What is skin cancer?
Skin cancer is the most common of all cancers and accounts for nearly half of all cancers in the United States. More than 3.5 million cases of basal and squamous cell skin cancer are diagnosed in this country each year. One in five Americans will develop skin cancer at some point in their lives. Skin cancers are generally curable if caught early. However, people who have had skin cancer are at a higher risk of developing a new skin cancer, which is why regular self-examination and doctor visits are imperative.
How to prevent skin cancer
Early detection is key to saving lives. Annual complete body skin examinations by the doctors at Affiliated Dermatology can help in the diagnosis and treatment of skin cancer. Affiliated Dermatology also specializes in the treatment of malignant melanoma by using the specialized technique of slow Mohs surgery. Detect and treat cancerous cells and help prevent them from coming back.
Type of skin cancers
The vast majority of skin cancers are composed of three different types: basal cell carcinoma, squamous cell carcinoma, and melanoma.
Basal and Squamous Cell Cancers
These types of skin cancer are classified as non-melanomas to set them apart from the more serious type of skin cancer, melanoma. They usually start in the basal cells or squamous cells, which is how they get their names. These cells are found at the base of the outer layer of the skin. Most basal and squamous cell cancers develop on sun-exposed areas of the skin, like the face, ears, neck, lips, and the backs of the hands. Depending on the type, they can be fast or slow-growing, but they rarely spread to other parts of the body. Basal cell or squamous cell cancers can be cured if found and treated early.
Melanoma is a type of skin cancer that begins in melanocytes. It is potentially dangerous because it can invade nearby tissues and spread to other parts of the body. The earlier melanoma is detected and removed, the more likely the treatment will be successful. It can develop from a common mole or a dysplastic nevus and in areas of apparently normal skin. Often the first sign of melanoma is a change in the shape, color, or size of a mole. The “ABCDE” rule describes the features of early melanoma and is a tool used to identify abnormal moles. Treatment often starts with complete removal of the melanoma and normal-looking skin around it. This helps to ensure that the cancer cells are removed.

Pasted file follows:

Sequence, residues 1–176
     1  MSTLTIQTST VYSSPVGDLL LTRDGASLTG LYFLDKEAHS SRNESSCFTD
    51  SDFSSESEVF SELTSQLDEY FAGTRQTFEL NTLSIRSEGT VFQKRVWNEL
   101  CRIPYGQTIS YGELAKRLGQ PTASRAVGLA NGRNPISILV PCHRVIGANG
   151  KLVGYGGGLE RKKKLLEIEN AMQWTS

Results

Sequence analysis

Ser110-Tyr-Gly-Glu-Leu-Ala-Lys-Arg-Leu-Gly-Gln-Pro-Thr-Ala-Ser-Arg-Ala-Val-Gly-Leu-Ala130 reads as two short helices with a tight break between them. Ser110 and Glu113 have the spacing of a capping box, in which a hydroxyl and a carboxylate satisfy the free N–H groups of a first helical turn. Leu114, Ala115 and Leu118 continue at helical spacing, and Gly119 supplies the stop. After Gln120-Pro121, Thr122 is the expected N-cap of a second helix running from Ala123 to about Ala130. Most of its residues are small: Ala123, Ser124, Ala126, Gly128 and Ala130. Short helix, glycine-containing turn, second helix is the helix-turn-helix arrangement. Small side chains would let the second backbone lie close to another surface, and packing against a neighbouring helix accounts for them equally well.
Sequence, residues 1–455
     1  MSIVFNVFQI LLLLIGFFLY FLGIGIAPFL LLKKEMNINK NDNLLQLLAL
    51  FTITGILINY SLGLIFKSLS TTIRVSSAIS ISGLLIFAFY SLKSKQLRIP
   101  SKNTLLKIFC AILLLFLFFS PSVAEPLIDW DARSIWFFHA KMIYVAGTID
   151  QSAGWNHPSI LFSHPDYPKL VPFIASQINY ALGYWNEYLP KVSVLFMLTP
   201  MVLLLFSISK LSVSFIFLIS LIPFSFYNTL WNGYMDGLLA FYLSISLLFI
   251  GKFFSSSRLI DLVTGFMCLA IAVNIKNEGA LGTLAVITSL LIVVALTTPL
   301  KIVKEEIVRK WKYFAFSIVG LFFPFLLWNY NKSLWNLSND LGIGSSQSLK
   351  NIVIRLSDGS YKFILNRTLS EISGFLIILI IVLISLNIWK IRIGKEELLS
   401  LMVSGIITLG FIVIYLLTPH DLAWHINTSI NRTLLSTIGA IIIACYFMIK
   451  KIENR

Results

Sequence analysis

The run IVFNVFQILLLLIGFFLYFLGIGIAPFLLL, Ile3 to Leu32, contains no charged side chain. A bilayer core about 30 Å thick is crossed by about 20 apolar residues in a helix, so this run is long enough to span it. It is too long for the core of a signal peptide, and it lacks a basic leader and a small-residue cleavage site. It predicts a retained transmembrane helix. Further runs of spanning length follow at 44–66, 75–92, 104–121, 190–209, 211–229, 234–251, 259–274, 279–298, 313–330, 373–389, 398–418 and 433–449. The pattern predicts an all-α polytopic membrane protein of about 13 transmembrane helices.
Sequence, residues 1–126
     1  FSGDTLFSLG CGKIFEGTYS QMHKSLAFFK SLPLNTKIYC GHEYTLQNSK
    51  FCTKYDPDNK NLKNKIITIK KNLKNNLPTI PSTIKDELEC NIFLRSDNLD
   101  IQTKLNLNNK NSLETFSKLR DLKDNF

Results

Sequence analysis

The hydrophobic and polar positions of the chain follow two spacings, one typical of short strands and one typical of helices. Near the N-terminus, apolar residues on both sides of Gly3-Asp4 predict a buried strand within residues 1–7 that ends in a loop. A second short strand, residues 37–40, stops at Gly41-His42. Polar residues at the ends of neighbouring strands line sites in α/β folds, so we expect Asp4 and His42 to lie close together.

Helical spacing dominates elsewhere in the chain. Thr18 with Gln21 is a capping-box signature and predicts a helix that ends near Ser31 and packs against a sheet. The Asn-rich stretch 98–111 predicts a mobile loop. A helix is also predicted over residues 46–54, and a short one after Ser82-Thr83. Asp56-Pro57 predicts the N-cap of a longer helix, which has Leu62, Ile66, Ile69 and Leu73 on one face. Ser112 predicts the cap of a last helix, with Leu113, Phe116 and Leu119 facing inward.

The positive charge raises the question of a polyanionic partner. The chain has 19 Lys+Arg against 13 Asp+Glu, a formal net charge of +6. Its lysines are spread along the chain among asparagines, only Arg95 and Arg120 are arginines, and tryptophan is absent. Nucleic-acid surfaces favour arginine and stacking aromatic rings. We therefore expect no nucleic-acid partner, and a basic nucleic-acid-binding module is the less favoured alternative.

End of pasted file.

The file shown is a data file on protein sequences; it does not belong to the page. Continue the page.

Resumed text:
Atypical melanocytic proliferations (AMP’s) are neoplasms that are considered to be precursors to melanoma. They begin in melanocytes and show features under the microscope which are very similar to melanoma. Like melanomas, they can develop from a normal mole, a dysplastic nevus, or on normal skin. If an AMP is left untreated, there is a high likelihood that it will develop into a melanoma. Therefore treatment involves surgical excision to ensure that the lesion is completely removed.
What is a dysplastic nevus? A dysplastic nevus is an unusual mole that may be large and flat and does not have a symmetric round or oval shape. The edge is often indistinct. It may have a mixture of pink, tan, or brown shades. Dysplastic nevi, while not cancerous, have the potential to change and develop into melanoma, a life-threatening skin cancer. People who have many dysplastic nevi have a greater chance of developing melanoma.
Who has an increased risk of developing dysplastic nevi? People with numerous moles, significant sun exposure or a family history of melanoma are at risk.
How do you identify and treat dysplastic nevi? A dysplastic nevus may occur anywhere on the body but is usually seen in areas exposed to the sun. A dysplastic nevus may also appear in areas not typically exposed to the sun, such as the scalp. The “ABCDE” rule describes the features of early melanoma and is a tool used to identify abnormal moles. As a preventative measure, an excision may be recommended to remove the mole and the surrounding margin of abnormal cells.